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Feudi di San Gregorio Falanghina 2014

Falanghina from Italy
  • WW89
13% ABV
  • JS91
  • WE90
  • WE88
  • JS90
  • RP88
  • RP89
  • WS88
  • RP88
  • WS88
  • WS90
  • W&S90
  • WS88
  • W&S88
  • WS89
  • WE87
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4.3 9 Ratings
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4.3 9 Ratings
13% ABV

Winemaker Notes

Pale gold with green highlights. Elegant, intense aromas of apple, banana and pineapple with hints of white flowers. Medium-bodied with a lingering finish of citrus and minerals.

Critical Acclaim

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WW 89
Wilfred Wong of Wine.com
Is Falanghina not in your pantry or on your radar screen? This is so wrong! An ancient grape from the east of Naples in the Campania region of Italy, this aromatic darling delivers pure pleasure. One does not have to be an experienced enophile or a wine geek to enjoy this one, though some will say it helps. Just order up a plate of the freshest sashimi and enjoy! Medium straw in color; aromatic of flowers and tropical fruits, hmm, I think someone is slicing a mango in the kitchen; medium bodied, soft and endearing on the palate; dryish, soft acidity, nicely balanced; pleasing flavors of mangos and faint flavors; easy aftertaste. (Tasted: March 4, 2016, San Francisco, CA)
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Feudi di San Gregorio

Feudi di San Gregorio

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Feudi di San Gregorio, Italy
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A modern expression of a centuries-old tradition of passion and dedication to the land, Feudi di San Gregorio is Campania's premier winemaking estate. Situated in the village of Sorbo Serpico in one of Italy's most exciting and innovative wine regions, Feudi di San Gregorio was established in 1986 in a joint venture between the Ercolino and Capaldo families of Irpinia. The proprietors of this family-run estate have selected the finest vineyards in which to nurture this region's unique, indigenous varietals.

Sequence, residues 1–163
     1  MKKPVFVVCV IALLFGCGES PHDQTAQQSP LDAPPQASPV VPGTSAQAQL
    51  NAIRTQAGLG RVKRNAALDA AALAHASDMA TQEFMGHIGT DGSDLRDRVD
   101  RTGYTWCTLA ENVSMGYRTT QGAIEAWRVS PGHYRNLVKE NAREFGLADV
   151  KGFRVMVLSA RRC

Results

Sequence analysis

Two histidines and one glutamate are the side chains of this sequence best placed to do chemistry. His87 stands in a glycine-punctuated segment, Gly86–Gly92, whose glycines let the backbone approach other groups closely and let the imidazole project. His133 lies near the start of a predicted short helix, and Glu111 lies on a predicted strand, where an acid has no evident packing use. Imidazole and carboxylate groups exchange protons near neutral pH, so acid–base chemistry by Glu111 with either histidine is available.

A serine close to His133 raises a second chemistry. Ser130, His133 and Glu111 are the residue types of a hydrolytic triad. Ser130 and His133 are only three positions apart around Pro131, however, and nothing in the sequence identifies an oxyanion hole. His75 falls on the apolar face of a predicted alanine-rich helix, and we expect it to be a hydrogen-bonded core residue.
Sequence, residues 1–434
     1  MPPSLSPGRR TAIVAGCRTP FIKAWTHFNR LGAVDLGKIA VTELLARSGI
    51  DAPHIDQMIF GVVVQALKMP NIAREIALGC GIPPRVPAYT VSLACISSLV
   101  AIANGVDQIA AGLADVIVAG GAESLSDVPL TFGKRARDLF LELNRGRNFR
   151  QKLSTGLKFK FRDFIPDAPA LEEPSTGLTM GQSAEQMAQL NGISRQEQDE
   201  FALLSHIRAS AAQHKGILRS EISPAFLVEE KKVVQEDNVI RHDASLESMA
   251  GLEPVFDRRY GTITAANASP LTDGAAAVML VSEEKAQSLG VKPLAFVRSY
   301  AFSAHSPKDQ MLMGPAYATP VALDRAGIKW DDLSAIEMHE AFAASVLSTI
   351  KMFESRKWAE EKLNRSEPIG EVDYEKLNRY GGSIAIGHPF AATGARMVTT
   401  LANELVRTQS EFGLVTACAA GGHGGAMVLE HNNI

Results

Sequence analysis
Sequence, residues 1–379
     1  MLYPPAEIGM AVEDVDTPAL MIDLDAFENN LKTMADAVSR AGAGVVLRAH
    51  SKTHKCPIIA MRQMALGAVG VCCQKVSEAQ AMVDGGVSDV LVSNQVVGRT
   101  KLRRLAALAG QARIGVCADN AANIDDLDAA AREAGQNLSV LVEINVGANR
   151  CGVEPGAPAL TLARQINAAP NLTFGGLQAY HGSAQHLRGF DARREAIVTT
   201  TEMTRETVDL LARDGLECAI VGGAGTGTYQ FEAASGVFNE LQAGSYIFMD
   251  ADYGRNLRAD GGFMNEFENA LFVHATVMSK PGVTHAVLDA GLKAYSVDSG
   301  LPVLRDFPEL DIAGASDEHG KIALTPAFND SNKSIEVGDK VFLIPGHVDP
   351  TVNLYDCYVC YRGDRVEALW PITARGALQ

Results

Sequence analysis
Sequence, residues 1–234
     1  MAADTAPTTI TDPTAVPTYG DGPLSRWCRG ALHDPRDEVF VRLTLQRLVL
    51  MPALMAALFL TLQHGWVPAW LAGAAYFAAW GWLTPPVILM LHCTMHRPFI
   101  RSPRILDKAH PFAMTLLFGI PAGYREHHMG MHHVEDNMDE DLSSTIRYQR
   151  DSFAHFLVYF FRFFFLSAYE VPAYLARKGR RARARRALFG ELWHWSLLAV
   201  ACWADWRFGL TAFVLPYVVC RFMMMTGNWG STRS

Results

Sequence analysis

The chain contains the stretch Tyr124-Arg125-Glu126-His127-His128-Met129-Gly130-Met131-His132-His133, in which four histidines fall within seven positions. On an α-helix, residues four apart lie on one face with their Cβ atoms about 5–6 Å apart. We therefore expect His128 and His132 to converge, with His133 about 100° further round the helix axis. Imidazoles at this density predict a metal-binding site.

The results have been remarkable – the wines of Feudi di San Gregorio have met time and again with stellar reviews and have garnered international critical acclaim. Owner and winemaker Enzo Ercolino works closely with consultant Riccardo Cotarella, one of Italy's foremost enologists.

Named “Oenotria” by the ancient Greeks for its abundance of grapevines, Italy has always had a culture that is virtually inextricable from wine. Wine grapes are grown just about everywhere throughout the country—a long and narrow boot-shaped peninsula extending into the Mediterranean and Adriatic Seas. The defining geographical feature of the country is the Apennine Mountain range, extending from Liguria in the north to Calabria in the south. The island of Sicily nearly grazes the toe of Italy’s boot, while Sardinia lies to the country’s west. Climate varies significantly throughout the country, with temperature being somewhat more dependent on elevation than latitude, though it is safe to generalize that the south is warmer. Much of the highest quality viticulture takes place on gently rolling, picturesque hillsides.

Italy boasts more indigenous varieties than any other country—between 500 and 800, depending on whom you ask—and most wine production relies upon these native grapes. In some regions, international varieties have worked their way in, but their use is declining in popularity, especially as younger growers begun to take interest in rediscovering forgotten local specialties. Sangiovese is the most widely planted variety in the country, reaching its greatest potential in parts of Tuscany. Nebbiolo is the prized grape of Piedmont in the northwest, producing singular, complex and age-worthy wines. Other important varieties include Montepulciano, Trebbiano, Barbera, Nero d’Avola, and of course, Pinot Grigio.

Falanghina

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Though to be an ancient transplant from Greece, the grape takes its name from the Greek word, phalanga, meaning stake or pole, in reference to the Greek method of training vines to single stakes. Thriving throughout Campania, it plays a key role in many regional blends and grows widely from the north in Falerno del Massico DOC zone to Naples where, along the slopes on Mount Vesuvius, local grapes called Verdeca, Coda di Volpe and Greco take well to it’s addition. On the Amalfi Coast, it is added to Biancolella as well as Greco. Around Avellino, it can be made into single varietal versions, like its compatriots: Fiano and Greco.

Falanghina produces attractive and unoaked wines with an alluring piney resin and citrus blossom fragrance, which are juicy and refreshing on the palate. Try it with a classic Caprésé salad of mozzarella, heirloom tomato and fresh basil.

PIN392997_2014 Item# 145142